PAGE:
Passive Flows: Remember, managers of passive mutual funds and ETFs don’t really do much selling when money is flowing in. And with investors continuing to pump money into the passive arena each month, well…

Performance Anxiety: Fund managers that have kept some powder dry or played the game conservatively in 2017 are likely behind their bogeys at this point. And with performance bonuses on the line, this is the time of year when capitulation can come into play.

Performance Chasing: This is a close cousin to the performance anxiety issue as investors of all shapes and sizes like to chase the leaders into year-end.

BTFD: Another potential reason that volatility has been so low this year is that everyone on the planet is now a dip buyer. And given that cash on the sidelines may need to get invested, any/all dips continue to be met with buying.

The Tax Trade: What list of bullish tailwinds would be complete without a discussion of the Trump Trade, right? Or in this case, the expectations for some form of tax reform. The argument is simple – lower taxes mean higher earnings. ‘Nuf said.

To be sure, this is not an exhaustive list of the bull camp arguments. However, running through this list does give you a reason or two to at least consider the idea that stocks could continue to be bought in the coming months.

Sure, a correction could begin at any time. And gun to the head, I’d argue that any headline suggesting that tax reform could be delayed or derailed might be the trigger our furry friends are looking for. But so far at least, it looks to be more of the same. Party on Wayne!

Thought For The Day:

By swallowing evil words unsaid, no one has ever harmed his stomach. -Winston Churchill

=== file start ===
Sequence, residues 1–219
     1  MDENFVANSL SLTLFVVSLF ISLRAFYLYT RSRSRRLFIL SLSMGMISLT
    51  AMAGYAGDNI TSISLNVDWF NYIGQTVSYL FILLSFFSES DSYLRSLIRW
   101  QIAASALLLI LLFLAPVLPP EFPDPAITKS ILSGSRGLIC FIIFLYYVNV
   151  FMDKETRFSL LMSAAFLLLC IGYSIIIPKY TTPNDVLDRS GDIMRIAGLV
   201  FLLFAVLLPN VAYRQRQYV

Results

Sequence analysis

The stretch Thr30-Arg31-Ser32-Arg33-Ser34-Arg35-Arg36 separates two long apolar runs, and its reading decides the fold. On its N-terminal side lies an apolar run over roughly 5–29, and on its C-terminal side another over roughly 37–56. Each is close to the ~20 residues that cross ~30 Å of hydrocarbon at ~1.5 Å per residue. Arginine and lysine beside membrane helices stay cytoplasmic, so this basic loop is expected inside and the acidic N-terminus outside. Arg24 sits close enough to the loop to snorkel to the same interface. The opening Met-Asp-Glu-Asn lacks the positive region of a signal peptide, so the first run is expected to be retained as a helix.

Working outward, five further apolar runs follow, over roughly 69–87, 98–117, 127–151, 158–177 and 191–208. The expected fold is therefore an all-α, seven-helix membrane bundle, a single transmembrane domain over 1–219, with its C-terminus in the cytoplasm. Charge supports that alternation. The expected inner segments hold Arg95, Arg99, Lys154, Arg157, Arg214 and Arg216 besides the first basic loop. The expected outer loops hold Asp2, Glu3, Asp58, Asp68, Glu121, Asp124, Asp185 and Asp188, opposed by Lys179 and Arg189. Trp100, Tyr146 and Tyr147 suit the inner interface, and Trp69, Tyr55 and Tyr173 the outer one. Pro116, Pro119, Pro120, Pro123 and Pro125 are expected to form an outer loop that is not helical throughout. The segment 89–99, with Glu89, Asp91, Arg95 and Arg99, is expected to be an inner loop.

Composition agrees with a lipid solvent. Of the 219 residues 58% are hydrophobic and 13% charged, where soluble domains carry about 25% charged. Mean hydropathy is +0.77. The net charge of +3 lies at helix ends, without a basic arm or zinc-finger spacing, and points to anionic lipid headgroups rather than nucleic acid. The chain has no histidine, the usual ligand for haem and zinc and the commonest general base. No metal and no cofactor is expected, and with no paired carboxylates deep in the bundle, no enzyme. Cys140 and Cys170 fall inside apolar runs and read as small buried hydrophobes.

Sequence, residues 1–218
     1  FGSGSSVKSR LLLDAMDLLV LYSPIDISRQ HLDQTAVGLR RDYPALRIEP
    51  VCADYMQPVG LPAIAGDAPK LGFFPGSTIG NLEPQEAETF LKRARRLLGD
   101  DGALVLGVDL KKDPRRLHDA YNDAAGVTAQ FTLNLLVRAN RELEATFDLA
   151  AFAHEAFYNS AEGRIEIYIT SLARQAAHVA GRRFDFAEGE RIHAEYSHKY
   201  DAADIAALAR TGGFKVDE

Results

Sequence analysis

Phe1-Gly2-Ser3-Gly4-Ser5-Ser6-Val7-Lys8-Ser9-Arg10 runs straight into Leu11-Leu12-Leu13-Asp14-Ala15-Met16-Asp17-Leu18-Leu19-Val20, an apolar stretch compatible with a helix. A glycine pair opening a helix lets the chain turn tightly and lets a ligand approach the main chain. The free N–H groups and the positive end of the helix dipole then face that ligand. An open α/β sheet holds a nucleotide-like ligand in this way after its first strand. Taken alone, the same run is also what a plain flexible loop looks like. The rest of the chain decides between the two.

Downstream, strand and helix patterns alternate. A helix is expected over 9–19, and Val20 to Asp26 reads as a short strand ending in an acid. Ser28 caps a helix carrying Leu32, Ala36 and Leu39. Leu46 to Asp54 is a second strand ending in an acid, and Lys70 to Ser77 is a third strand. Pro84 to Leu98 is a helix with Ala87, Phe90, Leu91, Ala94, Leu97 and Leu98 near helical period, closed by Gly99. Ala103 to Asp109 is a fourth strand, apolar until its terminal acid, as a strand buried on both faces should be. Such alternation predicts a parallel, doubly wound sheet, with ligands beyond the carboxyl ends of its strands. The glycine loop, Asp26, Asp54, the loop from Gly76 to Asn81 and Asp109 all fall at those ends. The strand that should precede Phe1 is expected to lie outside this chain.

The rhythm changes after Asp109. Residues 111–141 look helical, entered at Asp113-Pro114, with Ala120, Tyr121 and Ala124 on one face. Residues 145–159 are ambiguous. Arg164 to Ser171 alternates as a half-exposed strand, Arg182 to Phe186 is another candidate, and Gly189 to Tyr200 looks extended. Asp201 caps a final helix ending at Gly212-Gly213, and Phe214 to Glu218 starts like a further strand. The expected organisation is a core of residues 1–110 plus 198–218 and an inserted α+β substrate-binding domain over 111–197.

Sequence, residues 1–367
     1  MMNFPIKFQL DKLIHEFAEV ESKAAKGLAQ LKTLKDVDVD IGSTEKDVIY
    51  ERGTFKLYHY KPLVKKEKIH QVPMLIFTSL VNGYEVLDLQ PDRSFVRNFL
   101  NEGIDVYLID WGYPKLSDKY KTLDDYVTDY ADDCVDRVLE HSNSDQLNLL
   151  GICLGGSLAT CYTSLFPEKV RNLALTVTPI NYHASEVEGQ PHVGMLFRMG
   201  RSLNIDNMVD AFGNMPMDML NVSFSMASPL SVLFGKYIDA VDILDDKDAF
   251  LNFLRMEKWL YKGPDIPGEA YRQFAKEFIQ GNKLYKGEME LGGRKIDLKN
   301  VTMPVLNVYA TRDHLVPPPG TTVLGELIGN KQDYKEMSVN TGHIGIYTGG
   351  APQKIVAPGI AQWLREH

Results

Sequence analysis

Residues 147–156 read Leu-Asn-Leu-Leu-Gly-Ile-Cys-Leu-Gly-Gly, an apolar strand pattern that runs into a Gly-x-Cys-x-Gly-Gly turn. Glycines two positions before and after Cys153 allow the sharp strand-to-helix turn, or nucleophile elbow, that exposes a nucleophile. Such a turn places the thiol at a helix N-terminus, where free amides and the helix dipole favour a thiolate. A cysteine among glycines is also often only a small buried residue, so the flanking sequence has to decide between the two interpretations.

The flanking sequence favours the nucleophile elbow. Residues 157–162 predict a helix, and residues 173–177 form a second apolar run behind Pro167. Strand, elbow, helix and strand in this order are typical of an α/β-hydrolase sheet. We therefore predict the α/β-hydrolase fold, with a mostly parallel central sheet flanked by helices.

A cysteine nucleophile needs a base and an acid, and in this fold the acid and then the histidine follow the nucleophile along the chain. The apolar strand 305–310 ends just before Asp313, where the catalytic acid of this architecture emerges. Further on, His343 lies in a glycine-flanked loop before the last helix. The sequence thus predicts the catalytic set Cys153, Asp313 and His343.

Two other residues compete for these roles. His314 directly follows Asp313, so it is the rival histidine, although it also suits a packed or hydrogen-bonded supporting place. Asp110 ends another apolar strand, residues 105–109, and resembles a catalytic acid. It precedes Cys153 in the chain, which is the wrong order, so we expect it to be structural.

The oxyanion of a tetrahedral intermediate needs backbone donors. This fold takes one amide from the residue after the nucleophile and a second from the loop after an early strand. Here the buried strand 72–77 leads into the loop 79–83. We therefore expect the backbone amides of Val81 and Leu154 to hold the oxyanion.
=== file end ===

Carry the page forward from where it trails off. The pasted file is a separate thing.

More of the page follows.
Current Market Drivers

We strive to identify the driving forces behind the market action on a daily basis. The thinking is that if we can understand why stocks are doing what they are doing on a short-term basis; we are not likely to be surprised/blind-sided by a big move. Listed below are what we believe to be the driving forces of the current market (Listed in order of importance).

      1. The State of Tax Reform

      2. The State of the Earnings Season

      3. The State of Fed Policy/Leadership

      4. The State of the Economy

Wishing you green screens and all the best for a great day,

David D. Moenning
Chief Investment Officer
Sowell Management Services

Disclosure: At the time of publication, Mr. Moenning and/or Sowell Management Services held long positions in the following securities mentioned: none. Note that positions may change at any time.


Disclosures

The opinions and forecasts expressed herein are those of Mr. David Moenning and may not actually come to pass. Mr. Moenning’s opinions and viewpoints regarding the future of the markets should not be construed as recommendations. The analysis and information in this report is for informational purposes only. No part of the material presented in this report is intended as an investment recommendation or investment advice. Neither the information nor any opinion expressed constitutes a solicitation to purchase or sell securities or any investment program.